When we crossed the vast, empty parking lot in front of Siem Reap’s new Angkor Panorama Museum and stepped up to the front door, a young museum employee rushed to meet us. “May I help you?” she asked warily, as if we’d accidentally wandered into a restricted area. Her greeting, at once polite and slightly sinister, proved emblematic of the entire Panorama Museum experience.
Built and maintained by the Democratic People’s Republic of Korea at a reported cost of $24 million, the place is less a museum than a showcase for one gigantic artwork: a panoramic painting 120 meters (nearly 400 feet) in diameter and 13 meters (42 feet) high, equivalent in size to three basketball courts.
The painting fills the building’s cylindrical central space with depictions of Cambodia’s history: Jayavarman VII’s bloody and ultimately victorious battle against invading Champa forces in the 12th century, his construction of the Bayon temple in the aftermath, and prosperous village life in his Angkor empire.
A spectacular example of the social-realist heroic, the panorama is the work of North Korea’s Mansudae art studio, famous for creating outsized and hysterically idealized depictions of the country’s rulers and workers. The panorama’s gruesome vignettes of hand-to-hand combat, its scenes of happy villagers bringing crops to market and of hard-working artisans creating temple carvings are simultaneously photorealistic and fantastical. As meticulous as the painting itself is the three-dimensional trompe l’oeil foreground of trees, rocks, and human and animal figures that seamlessly create the illusion that the viewer is inside the painting’s world.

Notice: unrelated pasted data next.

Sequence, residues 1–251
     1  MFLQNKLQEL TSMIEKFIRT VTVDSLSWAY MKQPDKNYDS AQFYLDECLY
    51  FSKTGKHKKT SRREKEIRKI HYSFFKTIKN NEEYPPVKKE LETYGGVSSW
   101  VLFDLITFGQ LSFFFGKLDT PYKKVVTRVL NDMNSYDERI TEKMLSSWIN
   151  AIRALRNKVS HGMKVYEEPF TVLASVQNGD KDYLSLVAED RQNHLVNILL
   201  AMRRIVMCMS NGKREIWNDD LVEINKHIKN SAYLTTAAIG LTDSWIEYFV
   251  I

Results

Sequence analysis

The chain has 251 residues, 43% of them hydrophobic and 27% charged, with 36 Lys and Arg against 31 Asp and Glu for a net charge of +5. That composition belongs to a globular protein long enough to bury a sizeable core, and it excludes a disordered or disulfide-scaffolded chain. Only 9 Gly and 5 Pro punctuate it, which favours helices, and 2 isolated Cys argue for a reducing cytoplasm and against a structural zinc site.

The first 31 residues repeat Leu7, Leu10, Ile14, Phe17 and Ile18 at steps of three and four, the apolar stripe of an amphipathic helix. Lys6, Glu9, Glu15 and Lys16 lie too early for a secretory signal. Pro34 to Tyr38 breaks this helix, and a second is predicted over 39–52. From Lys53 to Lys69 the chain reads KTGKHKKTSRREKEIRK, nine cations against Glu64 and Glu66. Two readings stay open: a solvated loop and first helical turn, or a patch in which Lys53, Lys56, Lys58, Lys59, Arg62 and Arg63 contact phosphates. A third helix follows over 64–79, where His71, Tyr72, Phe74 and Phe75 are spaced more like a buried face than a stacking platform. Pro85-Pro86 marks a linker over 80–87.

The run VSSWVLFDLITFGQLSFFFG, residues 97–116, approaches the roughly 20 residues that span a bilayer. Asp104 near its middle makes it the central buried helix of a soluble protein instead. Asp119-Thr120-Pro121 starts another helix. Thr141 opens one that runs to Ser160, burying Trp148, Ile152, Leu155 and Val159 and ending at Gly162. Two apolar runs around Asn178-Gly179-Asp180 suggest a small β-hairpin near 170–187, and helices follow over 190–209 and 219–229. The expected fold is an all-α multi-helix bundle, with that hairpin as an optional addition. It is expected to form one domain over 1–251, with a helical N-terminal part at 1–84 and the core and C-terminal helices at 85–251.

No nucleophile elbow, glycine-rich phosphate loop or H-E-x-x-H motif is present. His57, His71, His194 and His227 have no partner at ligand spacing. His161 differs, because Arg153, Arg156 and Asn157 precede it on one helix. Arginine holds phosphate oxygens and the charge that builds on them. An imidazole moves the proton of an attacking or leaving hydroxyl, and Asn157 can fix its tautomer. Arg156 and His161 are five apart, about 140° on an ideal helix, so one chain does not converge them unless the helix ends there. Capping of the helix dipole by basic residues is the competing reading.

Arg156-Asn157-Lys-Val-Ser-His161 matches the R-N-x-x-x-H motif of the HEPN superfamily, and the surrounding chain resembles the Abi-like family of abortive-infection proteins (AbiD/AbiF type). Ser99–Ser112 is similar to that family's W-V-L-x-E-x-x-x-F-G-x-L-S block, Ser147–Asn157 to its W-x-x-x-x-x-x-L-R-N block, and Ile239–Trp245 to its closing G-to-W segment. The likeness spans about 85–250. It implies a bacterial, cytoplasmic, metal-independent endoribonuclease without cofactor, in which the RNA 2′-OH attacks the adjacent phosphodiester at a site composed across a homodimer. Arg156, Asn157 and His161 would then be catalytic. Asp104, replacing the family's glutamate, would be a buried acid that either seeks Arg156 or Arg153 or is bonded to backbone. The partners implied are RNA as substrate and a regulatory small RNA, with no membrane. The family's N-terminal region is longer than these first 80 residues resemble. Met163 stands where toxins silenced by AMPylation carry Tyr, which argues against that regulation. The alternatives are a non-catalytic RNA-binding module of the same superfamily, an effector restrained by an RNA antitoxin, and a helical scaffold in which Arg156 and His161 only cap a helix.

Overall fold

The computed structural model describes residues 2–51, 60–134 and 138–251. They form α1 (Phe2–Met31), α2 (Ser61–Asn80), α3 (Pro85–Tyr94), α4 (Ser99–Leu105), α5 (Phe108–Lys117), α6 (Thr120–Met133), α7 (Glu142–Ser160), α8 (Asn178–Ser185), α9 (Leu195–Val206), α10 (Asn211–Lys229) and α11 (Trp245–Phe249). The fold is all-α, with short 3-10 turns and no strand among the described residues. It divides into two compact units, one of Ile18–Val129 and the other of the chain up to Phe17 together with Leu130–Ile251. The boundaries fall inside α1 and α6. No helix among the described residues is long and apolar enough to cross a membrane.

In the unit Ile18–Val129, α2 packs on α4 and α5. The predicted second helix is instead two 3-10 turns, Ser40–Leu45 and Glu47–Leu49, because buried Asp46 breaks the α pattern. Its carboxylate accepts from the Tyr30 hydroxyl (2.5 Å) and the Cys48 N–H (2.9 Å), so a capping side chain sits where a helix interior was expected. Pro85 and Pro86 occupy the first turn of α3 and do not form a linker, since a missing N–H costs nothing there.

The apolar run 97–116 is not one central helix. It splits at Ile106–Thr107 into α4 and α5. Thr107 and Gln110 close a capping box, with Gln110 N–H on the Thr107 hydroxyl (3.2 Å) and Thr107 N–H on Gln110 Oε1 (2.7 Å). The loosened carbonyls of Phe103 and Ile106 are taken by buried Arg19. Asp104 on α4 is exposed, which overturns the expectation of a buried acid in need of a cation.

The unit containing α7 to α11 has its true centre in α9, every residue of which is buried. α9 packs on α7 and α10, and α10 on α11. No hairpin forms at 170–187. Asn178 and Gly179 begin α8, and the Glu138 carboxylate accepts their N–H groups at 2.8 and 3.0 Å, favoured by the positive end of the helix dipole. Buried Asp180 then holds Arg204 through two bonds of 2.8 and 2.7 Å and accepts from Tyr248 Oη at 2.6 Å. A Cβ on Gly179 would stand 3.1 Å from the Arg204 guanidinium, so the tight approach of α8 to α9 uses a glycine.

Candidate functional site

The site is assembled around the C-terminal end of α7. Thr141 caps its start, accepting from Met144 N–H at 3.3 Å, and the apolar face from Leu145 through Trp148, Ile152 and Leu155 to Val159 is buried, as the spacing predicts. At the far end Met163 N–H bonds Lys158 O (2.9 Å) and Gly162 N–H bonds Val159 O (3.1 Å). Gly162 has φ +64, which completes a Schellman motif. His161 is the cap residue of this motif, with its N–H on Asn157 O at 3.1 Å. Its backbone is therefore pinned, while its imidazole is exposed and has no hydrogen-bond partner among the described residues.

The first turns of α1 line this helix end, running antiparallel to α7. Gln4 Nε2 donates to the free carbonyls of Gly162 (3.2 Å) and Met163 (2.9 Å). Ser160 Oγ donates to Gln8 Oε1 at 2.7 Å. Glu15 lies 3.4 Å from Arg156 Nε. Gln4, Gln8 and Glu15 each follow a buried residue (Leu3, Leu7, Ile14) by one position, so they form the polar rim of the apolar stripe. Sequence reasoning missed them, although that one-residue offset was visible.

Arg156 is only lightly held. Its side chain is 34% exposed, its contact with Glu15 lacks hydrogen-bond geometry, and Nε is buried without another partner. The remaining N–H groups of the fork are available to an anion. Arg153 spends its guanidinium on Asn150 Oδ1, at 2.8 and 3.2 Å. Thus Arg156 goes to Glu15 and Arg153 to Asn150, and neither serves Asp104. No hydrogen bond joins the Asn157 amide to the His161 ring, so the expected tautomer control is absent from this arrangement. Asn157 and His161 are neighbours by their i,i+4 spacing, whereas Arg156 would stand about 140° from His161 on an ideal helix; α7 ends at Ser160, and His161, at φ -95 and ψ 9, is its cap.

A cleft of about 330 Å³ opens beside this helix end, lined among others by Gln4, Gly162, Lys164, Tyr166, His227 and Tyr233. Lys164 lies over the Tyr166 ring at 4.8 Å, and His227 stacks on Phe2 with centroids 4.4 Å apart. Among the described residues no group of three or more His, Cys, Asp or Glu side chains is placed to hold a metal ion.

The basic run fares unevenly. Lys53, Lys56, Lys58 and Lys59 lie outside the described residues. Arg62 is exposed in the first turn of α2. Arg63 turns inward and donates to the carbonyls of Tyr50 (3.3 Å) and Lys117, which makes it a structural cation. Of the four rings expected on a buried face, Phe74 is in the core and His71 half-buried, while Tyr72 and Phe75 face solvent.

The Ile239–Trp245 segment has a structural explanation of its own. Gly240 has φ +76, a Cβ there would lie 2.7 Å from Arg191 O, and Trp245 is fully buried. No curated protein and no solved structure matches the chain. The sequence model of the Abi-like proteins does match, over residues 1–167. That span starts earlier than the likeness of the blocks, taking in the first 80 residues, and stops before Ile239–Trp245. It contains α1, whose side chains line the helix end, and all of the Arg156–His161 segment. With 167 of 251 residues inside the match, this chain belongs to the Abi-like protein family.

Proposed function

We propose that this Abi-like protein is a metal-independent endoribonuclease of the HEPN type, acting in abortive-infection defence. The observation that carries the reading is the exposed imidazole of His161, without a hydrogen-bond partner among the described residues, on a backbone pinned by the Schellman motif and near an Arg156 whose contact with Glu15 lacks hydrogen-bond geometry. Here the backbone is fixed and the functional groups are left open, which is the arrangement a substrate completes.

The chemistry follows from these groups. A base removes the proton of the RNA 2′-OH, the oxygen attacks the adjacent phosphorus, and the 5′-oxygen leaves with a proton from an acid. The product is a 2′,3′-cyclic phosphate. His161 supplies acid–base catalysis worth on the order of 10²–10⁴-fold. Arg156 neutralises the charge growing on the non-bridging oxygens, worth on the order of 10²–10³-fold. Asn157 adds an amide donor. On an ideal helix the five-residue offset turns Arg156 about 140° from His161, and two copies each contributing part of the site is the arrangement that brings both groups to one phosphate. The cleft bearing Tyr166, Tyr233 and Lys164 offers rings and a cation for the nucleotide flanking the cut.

When visitors climb up to the viewing platform in the middle of the panorama, a guide materializes to explain its historic and artistic details. Our guide told us that 63 Mansudae artists labored for nearly two years to complete the panorama, which has some 45,000 distinct figures. (We neglected to ask whether that number is only the people, or the myriad elephants, horses, and other animals as well.)
While we admired the painting, another museum employee with a large camera around his neck lurked in the background. His presence was never explained, but we noticed that he visibly tensed whenever one of our party pulled out her phone, then relaxed when he saw she was only answering a text. Taking pictures in the museum is strictly forbidden, and this being a North Korean enterprise, the rule is enforced with utmost strictness. The camera wearer’s job appeared to be to make sure that no one else committed an act of photography.
Once we’d studied the panorama at length, which took us about 20 minutes, there proved to be not much else to see. The building’s main hall presents a detailed miniature model of the Angkor Wat temple complex and a few informative placards about its history and construction. Another gallery showed several dozen not particularly interesting paintings of landscapes and smiling people, presumably by Mansudae artists.